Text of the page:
(4179) Toutatis


(4179) Toutatis

    On Sept 29.57 2004, the Near-Earth Asteroid (4179) Toutatis approached our planet, reaching a minimum distance of about 1.5 millions of  km. Few hours before, it was observed by Gianluca Masi, Franco Mallia and Roger Wilcox, as part of an educational project. Several sets of images were grabbed, to make a movie showing its fast motion against the stars. It is worth to note as at the time of the observations, Toutatis was a southern object (declination < -60 deg). 

       Gianluca and Franco were in Italy, Roger in California and together we managed to get the images remotely using the SoTIE telescope in Las Campanas (14" @ f/7 telescope + AP7 + Paramount GT-1100 S); we are very  grateful to the NASA/TIE team, as well as to Software Bisque, for their support and disposability. We also thank Carnegie Observatories and  Las Campanas Observatory for hosting the SoTIE telescope in Chile.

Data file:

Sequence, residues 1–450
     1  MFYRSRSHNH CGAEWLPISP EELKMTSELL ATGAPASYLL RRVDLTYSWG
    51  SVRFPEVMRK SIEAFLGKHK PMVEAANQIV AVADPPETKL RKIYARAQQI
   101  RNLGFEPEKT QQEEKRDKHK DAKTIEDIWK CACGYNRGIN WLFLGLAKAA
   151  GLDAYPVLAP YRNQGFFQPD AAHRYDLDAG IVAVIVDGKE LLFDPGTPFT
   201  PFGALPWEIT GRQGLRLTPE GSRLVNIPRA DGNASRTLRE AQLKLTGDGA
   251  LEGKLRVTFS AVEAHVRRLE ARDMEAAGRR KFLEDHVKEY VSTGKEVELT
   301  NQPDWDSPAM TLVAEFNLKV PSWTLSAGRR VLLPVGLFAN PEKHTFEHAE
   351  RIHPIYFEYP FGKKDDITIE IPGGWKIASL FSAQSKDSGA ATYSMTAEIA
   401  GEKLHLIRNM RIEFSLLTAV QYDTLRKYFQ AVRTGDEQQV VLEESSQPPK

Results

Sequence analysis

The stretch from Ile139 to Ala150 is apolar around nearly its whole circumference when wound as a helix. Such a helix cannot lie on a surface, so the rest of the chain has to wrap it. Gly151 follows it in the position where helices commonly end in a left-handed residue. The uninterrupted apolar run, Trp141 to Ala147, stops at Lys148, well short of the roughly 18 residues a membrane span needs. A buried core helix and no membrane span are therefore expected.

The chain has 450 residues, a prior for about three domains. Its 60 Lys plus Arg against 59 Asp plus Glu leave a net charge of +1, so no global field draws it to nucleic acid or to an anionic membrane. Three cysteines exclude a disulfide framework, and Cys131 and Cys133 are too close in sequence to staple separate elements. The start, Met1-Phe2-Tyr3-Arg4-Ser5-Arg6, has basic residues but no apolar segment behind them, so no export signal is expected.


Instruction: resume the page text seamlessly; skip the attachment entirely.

Those wishing to use these images, are kindly asked to contact us


    Orbital diagram


Plot made with TheSky



Animations and Images.

    Below we post several images and animations, showing the motion of the asteroids against the starry background. Looking at the time span covered by each animation, it is easy to realize how fast the asteroid was moving. All the images have N on the top and are 15' large.


Click on the image to see the animation (>1700kb)



The still image shows the sum of all the frames used in the movie above, so (4179) Toutatis appears like a dotted trail. Imaging was started at 01:41:12, ending at 01:52:38, Sept 29, 2004. N is up.



Click on the image to see the animation (>800kb)



This image comes from the same set of frames used for the animation above, but this time the images have been summed, showing a dotted trail: (4179) Toutatis.

Below is a list of people/magazines/websites/TV which used this material; we thank them for their consideration.


Asteroid/Comet Connection

Discovery Channel, Canada

"Le Stelle"

Near Earth Objects Program

Software Bisque

UAI Minor Planet Section

Sky and Telescope

The Planetary Society